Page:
Human life and self-realization according to Edith Stein


  • Martina Galvani



The aim of this article is to analyse the Edith Stein’s phenomenological-metaphysical anthropology
and its moral aspects. Her enquiry shifts from the study of those aspects common to both human
beings and animals to an aspect that is specifically and exclusively human, i.e., spirituality. The
person only is a spiritual subject, because he has an intellectual knowledge and he can freely act. In
this investigation, Stein moves from outcomes achieved thanks to the phenomenological method,
which leads her to focus on a description of the bodily, psychical and spiritual sphere of the human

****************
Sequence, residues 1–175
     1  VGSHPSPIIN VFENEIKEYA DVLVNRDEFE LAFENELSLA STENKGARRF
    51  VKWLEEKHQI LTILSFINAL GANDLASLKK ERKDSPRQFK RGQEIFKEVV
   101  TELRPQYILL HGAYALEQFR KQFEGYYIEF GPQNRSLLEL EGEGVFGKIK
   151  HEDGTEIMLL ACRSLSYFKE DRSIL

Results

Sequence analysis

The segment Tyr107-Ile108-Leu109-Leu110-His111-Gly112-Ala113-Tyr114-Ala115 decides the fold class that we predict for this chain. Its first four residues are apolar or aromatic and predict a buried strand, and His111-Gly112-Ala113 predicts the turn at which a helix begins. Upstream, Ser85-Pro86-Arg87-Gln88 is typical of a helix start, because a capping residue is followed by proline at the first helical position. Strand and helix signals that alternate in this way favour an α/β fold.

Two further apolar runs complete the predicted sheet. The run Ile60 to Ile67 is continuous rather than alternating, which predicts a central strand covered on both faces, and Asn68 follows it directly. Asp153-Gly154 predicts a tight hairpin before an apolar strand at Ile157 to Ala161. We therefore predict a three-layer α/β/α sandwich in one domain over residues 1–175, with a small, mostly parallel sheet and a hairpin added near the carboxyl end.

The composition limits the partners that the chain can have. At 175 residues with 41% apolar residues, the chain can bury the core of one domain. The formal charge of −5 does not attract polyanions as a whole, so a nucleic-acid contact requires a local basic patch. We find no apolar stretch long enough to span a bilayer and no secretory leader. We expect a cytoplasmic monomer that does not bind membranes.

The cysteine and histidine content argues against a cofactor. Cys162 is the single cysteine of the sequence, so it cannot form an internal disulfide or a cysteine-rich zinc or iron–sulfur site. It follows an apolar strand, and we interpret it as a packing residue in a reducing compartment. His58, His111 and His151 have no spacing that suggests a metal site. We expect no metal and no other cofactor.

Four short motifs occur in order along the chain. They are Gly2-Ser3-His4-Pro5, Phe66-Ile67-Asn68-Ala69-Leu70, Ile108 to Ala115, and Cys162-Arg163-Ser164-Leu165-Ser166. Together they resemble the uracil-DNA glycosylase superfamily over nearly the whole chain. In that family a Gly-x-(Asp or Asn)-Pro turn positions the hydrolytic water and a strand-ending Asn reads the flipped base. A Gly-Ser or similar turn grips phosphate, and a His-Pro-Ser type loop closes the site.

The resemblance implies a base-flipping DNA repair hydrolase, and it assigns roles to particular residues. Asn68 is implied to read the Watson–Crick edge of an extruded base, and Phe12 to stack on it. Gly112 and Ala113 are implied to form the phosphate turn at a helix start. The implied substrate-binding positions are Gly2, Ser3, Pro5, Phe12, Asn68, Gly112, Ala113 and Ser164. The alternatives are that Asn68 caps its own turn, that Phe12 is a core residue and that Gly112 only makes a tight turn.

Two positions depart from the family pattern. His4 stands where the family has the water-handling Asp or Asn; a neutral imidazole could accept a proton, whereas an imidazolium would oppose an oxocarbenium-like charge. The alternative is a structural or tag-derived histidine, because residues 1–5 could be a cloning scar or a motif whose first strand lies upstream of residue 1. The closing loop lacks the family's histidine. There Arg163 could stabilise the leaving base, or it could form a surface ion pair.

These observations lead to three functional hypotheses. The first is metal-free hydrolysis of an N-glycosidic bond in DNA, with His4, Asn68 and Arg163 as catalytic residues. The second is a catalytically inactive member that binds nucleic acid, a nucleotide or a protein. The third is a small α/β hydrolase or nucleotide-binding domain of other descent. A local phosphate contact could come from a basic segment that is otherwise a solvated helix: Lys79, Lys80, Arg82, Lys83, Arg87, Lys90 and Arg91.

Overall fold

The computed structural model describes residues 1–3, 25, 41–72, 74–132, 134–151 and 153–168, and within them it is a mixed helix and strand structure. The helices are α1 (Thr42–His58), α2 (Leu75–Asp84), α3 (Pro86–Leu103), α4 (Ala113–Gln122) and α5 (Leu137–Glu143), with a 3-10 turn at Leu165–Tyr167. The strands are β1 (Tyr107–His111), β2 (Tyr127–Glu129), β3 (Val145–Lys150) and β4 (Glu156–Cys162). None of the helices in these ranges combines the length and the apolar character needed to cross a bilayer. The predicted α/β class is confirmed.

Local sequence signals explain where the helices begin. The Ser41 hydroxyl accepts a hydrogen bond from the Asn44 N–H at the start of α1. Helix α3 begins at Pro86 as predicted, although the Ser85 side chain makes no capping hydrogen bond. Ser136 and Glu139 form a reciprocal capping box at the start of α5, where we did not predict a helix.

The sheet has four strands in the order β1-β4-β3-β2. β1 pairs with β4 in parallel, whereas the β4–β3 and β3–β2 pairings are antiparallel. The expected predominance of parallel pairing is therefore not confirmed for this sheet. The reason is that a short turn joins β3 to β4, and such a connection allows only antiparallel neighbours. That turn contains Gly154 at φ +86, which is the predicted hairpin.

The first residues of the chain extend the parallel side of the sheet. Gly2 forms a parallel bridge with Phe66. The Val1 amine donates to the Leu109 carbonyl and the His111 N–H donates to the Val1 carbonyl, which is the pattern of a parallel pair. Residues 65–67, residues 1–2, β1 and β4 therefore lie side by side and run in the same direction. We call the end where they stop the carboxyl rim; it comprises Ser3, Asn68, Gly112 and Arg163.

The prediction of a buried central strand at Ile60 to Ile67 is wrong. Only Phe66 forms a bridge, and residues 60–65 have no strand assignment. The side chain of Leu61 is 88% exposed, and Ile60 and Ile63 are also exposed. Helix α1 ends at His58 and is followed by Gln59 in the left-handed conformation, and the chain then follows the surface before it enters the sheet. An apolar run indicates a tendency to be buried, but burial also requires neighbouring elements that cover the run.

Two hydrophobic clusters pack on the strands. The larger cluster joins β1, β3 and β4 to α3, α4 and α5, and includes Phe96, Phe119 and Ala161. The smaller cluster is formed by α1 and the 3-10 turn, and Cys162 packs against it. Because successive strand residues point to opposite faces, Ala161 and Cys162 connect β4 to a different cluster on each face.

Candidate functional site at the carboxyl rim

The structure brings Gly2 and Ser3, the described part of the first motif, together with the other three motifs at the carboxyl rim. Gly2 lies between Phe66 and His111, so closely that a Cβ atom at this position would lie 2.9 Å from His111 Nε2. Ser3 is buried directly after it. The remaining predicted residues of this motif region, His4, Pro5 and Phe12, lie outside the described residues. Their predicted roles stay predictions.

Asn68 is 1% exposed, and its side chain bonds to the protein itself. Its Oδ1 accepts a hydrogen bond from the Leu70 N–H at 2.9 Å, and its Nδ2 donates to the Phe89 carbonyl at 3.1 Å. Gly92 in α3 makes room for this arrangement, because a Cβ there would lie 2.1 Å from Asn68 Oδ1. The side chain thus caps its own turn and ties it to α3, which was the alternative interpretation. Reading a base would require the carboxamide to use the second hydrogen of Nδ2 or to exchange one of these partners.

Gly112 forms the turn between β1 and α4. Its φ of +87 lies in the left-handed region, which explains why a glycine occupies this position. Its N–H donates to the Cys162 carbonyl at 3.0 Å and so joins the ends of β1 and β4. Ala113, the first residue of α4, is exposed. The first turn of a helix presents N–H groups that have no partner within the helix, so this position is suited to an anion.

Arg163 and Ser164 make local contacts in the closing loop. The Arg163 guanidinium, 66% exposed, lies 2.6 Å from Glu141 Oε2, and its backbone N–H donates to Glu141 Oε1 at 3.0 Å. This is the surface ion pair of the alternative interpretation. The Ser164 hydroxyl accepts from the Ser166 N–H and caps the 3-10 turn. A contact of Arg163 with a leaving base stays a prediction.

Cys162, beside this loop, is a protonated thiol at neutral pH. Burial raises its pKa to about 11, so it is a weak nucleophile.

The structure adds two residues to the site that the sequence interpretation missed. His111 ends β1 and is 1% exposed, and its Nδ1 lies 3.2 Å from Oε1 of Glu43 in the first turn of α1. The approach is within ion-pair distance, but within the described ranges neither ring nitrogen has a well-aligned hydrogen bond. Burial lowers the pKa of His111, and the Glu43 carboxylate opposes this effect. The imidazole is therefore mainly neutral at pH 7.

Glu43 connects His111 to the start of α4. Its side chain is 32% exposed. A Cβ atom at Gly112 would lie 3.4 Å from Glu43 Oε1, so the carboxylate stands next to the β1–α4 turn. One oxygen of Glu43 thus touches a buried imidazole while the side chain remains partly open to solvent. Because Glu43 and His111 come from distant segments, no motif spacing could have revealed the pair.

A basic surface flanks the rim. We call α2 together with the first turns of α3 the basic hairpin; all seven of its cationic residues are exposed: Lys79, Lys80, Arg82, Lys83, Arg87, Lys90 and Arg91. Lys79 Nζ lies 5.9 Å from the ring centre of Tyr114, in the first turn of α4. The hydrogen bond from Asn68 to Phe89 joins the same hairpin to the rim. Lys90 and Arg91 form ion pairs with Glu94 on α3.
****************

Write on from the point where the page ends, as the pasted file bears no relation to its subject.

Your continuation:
being. Accordingly, Stein reflects on the ethical consequences of her anthropological research.
Following Augustine, she perceives originary self-consciousness as interiority, from which to begin
explicating intellectual knowledge, and especially free action and hence ethics. Action is not only
expressed outwards, first of all it is self-actuation – acting and being are mutually implied. The
direction of moral actions is thus already present in each one’s individual ‘essence’ (Wesen) and this
essence, thanks to the creative ‘essentiality’ (Wesenheiten), is ab eterno in Logos. In view of this
complex theological node, Stein recognizes Christ as the archetype of the only possible ethics.




Como Citar

GALVANI, M. Human life and self-realization according to Edith Stein. Aoristo - International Journal of Phenomenology, Hermeneutics and Metaphysics, [S. l.], v. 4, n. 2, p. 84–97, 2021. DOI: 10.6394/aoristo.v4i2.27976. Disponível em: Acesso em: 8 dez. 2021.